Computing Award a Big Win for High Energy Density Science at SLAC

May 30, 2016

A member of our Science Directorate’s High Energy Density Science (HEDS) division, Frederico Fiuza, is among the 49 winners of the Department of Energy’s 2016 Advanced Scientific Computing Research (ASCR) Leadership Computing Challenge.

Fiuza received 60,000,000 processor hours for his proposal “Ab initio modeling of the dynamical stability of HED plasmas: from fusion to astrophysics.”

He will use the processor hours, currently valued at about $2 million, for modeling instabilities in high energy density plasmas related to fusion energy and astrophysics. 

“The simulations can lend insight into a range of discovery science areas, such as particle acceleration and magnetic field generation in astrophysics, and even how to better produce clean energy from fusion,” Fiuza said.

The High Energy Density Science division is among the new SLAC science research groups. The team uses the unique properties of LCLS and the high-power optical laser beam to conduct experiments with the Matter in Extreme Conditions (MEC) instrument supported by DOE’s Office of Fusion Energy Sciences (FES).

FES is a new funding source for SLAC. The program contributed $5 million to the lab’s research in 2016.

To better understand matter in extreme conditions, researchers can simulate particle behavior at a microscopic scale. The modeling allows scientists to predict what may happen in laboratory conditions and in nature.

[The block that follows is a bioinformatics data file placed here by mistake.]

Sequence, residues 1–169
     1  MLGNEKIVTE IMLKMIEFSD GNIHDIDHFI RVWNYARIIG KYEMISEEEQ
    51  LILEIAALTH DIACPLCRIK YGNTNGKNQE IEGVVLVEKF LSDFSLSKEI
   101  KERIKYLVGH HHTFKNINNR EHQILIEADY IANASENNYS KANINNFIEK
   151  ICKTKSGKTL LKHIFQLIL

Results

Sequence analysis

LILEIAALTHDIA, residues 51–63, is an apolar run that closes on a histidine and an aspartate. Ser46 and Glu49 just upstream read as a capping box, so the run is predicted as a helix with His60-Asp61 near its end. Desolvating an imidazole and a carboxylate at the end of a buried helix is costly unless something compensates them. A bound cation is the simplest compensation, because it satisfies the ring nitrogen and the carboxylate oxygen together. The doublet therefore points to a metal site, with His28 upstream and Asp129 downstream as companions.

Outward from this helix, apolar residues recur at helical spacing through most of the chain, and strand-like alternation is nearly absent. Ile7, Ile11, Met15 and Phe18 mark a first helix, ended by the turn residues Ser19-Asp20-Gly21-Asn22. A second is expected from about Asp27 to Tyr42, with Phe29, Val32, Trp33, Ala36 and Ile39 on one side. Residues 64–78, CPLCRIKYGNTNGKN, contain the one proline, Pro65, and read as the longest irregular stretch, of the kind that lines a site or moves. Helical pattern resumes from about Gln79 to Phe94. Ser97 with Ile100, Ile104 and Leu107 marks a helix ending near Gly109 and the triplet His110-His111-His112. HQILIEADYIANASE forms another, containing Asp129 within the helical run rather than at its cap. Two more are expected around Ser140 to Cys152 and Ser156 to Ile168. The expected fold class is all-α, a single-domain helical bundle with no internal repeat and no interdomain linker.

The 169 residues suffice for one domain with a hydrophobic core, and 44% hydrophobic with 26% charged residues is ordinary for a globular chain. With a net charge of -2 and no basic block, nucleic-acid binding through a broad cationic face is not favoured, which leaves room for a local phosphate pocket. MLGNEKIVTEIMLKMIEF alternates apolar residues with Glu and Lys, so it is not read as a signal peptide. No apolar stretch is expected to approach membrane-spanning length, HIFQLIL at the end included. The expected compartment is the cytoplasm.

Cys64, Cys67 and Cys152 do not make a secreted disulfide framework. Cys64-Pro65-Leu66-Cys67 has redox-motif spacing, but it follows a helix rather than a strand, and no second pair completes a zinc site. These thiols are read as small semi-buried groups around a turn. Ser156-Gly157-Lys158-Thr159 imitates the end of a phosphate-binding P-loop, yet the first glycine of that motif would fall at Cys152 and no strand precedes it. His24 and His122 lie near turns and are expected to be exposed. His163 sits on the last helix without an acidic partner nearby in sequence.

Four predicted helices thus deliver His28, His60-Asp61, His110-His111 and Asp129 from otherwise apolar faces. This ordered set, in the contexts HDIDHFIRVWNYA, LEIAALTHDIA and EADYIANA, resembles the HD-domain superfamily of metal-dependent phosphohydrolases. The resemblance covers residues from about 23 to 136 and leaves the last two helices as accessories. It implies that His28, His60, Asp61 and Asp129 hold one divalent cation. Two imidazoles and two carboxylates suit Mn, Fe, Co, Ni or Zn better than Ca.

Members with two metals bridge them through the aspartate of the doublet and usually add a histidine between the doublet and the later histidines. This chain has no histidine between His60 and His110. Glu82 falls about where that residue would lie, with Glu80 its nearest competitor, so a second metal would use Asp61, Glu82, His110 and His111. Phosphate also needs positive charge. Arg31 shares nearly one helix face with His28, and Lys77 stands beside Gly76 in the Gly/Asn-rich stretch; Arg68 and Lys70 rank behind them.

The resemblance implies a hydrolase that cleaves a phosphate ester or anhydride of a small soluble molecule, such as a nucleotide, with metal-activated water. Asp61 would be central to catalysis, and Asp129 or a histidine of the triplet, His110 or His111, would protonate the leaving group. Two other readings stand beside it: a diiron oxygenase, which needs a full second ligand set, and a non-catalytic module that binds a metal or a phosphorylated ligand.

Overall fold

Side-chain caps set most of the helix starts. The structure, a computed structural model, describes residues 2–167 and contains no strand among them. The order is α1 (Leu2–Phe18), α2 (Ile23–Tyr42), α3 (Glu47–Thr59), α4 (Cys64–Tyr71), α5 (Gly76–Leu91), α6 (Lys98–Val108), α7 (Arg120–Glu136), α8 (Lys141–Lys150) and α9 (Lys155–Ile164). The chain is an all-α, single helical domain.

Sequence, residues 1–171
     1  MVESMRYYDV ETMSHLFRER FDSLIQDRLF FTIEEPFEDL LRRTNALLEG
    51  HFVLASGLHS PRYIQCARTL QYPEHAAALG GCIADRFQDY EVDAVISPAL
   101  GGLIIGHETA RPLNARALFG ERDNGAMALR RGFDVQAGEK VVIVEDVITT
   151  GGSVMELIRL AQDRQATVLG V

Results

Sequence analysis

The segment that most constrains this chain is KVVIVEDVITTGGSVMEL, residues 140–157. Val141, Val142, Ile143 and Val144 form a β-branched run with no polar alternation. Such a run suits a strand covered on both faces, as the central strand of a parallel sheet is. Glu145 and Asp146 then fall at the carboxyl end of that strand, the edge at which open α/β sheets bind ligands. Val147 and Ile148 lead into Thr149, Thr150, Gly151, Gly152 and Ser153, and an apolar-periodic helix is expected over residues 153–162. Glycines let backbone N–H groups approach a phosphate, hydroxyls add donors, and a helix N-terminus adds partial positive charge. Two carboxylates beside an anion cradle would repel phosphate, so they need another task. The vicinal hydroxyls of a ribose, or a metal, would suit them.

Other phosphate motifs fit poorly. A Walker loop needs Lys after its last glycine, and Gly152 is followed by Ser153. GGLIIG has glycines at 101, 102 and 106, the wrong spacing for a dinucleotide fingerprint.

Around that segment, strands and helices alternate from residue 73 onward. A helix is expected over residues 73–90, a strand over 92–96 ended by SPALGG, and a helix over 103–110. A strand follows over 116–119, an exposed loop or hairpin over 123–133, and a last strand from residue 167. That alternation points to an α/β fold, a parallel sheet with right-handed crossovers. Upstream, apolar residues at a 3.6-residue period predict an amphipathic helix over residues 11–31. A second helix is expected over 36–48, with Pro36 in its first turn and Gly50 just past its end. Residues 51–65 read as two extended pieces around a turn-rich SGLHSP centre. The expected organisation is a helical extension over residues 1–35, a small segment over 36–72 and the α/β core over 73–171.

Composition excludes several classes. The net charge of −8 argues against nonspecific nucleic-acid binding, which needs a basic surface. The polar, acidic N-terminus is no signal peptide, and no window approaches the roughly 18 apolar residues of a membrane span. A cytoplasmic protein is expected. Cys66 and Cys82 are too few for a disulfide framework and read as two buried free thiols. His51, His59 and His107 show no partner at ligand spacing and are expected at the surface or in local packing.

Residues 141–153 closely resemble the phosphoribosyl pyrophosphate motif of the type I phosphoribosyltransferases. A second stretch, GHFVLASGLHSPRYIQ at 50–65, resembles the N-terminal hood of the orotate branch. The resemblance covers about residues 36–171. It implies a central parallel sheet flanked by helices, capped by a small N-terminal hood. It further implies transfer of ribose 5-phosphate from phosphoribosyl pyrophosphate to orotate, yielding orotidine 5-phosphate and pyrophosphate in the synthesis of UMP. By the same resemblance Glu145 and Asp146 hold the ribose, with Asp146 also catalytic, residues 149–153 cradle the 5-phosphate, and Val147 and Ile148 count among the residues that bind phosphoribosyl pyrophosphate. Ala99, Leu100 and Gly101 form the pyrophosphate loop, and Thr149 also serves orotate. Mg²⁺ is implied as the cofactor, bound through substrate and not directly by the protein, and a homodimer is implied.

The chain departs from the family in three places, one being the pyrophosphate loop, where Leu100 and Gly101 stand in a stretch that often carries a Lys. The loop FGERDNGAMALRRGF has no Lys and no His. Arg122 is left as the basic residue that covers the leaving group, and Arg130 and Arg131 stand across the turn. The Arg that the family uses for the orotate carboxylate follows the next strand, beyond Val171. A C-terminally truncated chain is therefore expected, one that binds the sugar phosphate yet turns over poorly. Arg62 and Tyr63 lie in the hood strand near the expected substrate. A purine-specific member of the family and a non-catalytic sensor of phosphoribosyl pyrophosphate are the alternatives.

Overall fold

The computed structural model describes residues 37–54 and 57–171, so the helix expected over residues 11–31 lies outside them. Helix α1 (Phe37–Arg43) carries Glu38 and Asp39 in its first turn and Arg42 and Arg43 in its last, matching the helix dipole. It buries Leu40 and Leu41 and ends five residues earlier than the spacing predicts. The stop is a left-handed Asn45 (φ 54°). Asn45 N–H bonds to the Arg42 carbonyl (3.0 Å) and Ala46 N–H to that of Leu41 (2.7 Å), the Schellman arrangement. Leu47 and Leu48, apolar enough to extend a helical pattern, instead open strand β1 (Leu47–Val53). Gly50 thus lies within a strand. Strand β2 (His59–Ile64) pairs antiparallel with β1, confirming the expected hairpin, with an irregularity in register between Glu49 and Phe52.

Particle-in-cell simulation of the dynamical stability of an interface between two high energy density plasmas. Left – plasma density. Right – magnetic field structure. (SLAC National Accelerator Laboratory)

The work requires major computing power in order to capture the fundamental behavior of matter. For example, one of Fiuza’s recent studies predicted the possibility of studying particle acceleration when two magnetized plasmas collide during laser experiments, in a process analogous to what scientist believe happens in solar flares. The calculations required more than a million supercomputing hours.

“Using our state-of-the-art code and the substantial computational resources provided by ASCR, we aim to provide a fundamental understanding of these plasma systems,” Fiuza said. “It will help us to make faster progress in the discovery science mission space of FES." 

ASCR contributed $300,000 to SLAC research last year.

The ASCR Leadership Computing Challenge award supports projects “with an emphasis on high-risk, high-payoff simulations in areas directly related to the DOE mission,” including bioenergy, climate research, cosmology, particle physics and fusion energy. This year, the program awarded a total of 3 billion processor hours at supercomputing facilities.